An Avatar for a Password: A Lesson in Social Media Security

Remember the days of Myspace phishing scams? Well, if you were ever on Myspace no doubt you were sent messages by your oh-so-holy-church-going-friends to look at a porn site, purchase viagra, or just talk to this chick on a webcam. Why would your friend send you such horrible things? Usually because they wanted a free background for their page and didn’t know the first thing about web security.

Basic Security

You see when you give your username and password to a service then they can login to your account. Sounds pretty basic right? But think about it. If they can login to your account they can post anything, change your photos, or whatever else. On Twitter they could even change your password and your email address so that you are locked out of your account without a recovery method.

I would never do something so foolish!

Of course you all have enough sense to not give out your password to just anyone who asks for it. Right?

Wrong. When I looked through my Twitter feed and see little ribbons next to people’s avatars I must point out that they just handed over access to their account to a complete stranger.

But all my friends are doing it!

But all my friends are doing it!

The service Twibbon asks for your username and password which thousands of people are giving up without thinking twice. But it’s okay because they clearly state: “Your login details will not be stored and are only used to update your profile image.” Awesome. They sound nice. Why should you trust them?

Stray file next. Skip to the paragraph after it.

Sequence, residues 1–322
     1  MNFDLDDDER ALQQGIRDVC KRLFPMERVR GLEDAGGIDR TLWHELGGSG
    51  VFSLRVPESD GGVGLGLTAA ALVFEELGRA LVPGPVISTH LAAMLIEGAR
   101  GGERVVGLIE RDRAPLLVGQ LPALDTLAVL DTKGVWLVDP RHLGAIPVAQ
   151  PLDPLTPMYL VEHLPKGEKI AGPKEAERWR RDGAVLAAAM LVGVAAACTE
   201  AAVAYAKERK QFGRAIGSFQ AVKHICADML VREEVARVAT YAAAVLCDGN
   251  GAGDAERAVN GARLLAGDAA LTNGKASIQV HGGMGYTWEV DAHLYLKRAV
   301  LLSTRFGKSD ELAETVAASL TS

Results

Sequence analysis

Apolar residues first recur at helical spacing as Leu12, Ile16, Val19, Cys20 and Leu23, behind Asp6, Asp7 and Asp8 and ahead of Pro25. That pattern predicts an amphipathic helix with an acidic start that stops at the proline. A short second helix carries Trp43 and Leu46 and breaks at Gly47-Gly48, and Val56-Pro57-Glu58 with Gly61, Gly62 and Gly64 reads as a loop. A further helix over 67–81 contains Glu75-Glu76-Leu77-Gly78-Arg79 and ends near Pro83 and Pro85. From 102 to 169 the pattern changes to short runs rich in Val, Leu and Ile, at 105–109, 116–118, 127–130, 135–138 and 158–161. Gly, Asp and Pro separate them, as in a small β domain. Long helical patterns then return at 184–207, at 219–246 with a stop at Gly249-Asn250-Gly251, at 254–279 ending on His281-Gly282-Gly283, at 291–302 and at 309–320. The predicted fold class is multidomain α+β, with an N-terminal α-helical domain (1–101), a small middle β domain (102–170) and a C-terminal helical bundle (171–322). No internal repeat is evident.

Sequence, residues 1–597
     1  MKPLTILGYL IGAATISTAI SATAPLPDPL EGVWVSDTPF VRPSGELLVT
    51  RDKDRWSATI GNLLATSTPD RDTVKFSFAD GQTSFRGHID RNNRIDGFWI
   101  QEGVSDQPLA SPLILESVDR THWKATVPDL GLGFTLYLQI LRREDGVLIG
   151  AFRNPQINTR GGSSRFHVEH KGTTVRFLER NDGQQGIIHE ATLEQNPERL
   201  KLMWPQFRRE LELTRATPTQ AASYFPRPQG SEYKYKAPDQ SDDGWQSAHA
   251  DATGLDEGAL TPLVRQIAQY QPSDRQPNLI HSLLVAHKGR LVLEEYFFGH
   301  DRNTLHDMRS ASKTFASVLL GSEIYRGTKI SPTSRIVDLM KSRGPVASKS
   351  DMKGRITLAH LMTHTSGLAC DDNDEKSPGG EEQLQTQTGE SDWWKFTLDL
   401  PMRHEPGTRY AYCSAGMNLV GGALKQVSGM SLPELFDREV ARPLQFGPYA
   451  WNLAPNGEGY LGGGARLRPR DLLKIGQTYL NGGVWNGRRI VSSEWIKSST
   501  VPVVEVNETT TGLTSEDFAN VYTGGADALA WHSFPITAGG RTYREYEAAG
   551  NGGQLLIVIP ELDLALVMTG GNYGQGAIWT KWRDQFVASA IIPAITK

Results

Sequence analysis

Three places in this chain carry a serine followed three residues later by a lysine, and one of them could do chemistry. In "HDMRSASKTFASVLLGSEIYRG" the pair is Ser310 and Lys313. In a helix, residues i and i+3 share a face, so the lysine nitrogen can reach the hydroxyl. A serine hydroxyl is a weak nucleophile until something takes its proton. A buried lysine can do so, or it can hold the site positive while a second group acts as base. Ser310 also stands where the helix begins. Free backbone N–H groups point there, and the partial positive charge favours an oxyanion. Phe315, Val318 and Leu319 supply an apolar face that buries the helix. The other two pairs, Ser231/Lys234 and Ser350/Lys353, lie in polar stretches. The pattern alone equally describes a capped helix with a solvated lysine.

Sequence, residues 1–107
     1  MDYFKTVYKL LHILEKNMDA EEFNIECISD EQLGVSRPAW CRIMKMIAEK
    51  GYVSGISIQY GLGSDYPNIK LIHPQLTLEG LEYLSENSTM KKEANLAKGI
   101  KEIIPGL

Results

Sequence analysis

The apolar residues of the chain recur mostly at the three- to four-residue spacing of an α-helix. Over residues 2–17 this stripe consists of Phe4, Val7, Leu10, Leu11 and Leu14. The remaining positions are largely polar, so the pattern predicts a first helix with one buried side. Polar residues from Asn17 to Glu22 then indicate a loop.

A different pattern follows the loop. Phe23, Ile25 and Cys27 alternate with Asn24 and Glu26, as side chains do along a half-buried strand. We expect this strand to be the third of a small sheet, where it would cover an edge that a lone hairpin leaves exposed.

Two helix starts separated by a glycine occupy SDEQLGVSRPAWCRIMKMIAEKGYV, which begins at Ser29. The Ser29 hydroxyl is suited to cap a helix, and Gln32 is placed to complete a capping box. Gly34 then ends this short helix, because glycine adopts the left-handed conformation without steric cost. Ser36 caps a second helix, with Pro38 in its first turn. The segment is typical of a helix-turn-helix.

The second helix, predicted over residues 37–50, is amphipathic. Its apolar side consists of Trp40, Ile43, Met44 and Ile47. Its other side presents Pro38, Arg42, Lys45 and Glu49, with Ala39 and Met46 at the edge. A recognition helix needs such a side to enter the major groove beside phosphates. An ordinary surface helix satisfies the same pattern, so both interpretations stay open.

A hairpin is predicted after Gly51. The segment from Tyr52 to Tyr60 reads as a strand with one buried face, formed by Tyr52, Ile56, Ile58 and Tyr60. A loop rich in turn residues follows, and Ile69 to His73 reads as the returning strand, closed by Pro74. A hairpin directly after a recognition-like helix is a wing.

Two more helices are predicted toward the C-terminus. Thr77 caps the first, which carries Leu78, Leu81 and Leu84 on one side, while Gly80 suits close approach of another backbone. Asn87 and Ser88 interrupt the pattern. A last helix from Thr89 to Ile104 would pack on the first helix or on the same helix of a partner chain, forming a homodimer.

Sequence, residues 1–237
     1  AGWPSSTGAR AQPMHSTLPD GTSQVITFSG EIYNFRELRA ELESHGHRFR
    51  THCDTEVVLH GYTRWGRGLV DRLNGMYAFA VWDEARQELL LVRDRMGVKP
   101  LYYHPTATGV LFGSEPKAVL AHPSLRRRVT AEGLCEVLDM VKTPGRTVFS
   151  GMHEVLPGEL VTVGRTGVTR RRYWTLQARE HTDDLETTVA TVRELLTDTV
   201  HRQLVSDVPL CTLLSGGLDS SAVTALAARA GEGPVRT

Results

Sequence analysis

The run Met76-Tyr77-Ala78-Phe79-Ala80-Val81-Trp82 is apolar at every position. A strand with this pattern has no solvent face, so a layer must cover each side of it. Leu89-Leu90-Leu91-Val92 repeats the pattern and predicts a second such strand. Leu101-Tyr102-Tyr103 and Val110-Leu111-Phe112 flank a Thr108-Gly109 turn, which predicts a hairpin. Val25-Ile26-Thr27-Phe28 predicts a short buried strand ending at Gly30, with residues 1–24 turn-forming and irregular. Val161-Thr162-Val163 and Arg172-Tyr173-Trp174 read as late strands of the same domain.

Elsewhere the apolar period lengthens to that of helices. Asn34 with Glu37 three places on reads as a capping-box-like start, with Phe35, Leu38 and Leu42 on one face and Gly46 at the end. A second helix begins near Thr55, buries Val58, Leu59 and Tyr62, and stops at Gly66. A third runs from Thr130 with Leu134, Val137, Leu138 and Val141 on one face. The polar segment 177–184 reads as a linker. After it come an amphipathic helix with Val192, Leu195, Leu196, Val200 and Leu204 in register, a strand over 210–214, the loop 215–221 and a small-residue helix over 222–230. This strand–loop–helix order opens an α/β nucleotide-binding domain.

@nipper Says it quite succinctly.

@nipper Says it quite succinctly.

They don’t even look trustworthy! A single line of text shouldn’t make you think otherwise.

It gets worse.

You use email right? Is your Twitter password different than your email password? Yeah, I didn’t think so (to the smart ones who answered yes, congratulations! You passed web security 101). Interested in what you can steal if you know someone’s main email address and password?

  • All social media accounts
  • Bank Accounts
  • Domain Names (It happened to David Airey)
  • Blogs
  • Your entire online identity
  • Online Cell Phone Account

You get the idea. On the web your email address and password are the keys to your virtual kingdom. Why give up something so important just to turn your avatar green?

The best part.

Not only do users give up their password, but they also then post a tweet to tell their friends to do the same. Viral phishing! Now that’s clever.

Web developers should know better!

I found this unfortunate example the other day. The worst part is that many web apps are doing the same thing.

Even the well designed service BabelWith.me does it.

Even the well designed service BabelWith.me does it.

When otherwise intelligent web professionals build services that circumvent basic security principals we are teaching users that it is okay to give up valuable information to an unverified third party service. As designer and developers we need to be setting the standards (and following them!) for security if we are going to fight the increase in online identity theft. Not contribute to it!

There is a better way.

Twitter uses an authentication tool called OAUTH that allows for an app to temporarily access your account, but without requiring you to ever disclose personal information. It also controls what the app can do when they have access. Most of you have seen this screen: